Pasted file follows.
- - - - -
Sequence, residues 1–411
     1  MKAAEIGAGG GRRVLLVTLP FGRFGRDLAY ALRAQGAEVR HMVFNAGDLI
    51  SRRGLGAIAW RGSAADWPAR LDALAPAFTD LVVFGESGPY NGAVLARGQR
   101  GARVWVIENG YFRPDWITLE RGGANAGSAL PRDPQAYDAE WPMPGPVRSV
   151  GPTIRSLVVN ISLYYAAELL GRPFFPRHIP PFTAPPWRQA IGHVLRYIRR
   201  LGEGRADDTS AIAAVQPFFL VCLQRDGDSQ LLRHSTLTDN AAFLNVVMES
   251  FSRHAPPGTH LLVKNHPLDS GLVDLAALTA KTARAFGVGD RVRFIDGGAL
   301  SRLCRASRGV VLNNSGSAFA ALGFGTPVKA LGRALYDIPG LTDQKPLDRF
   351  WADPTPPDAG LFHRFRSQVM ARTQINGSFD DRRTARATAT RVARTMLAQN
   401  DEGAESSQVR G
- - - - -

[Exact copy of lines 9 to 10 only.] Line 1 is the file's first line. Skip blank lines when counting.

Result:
   351  WADPTPPDAG LFHRFRSQVM ARTQINGSFD DRRTARATAT RVARTMLAQN
   401  DEGAESSQVR G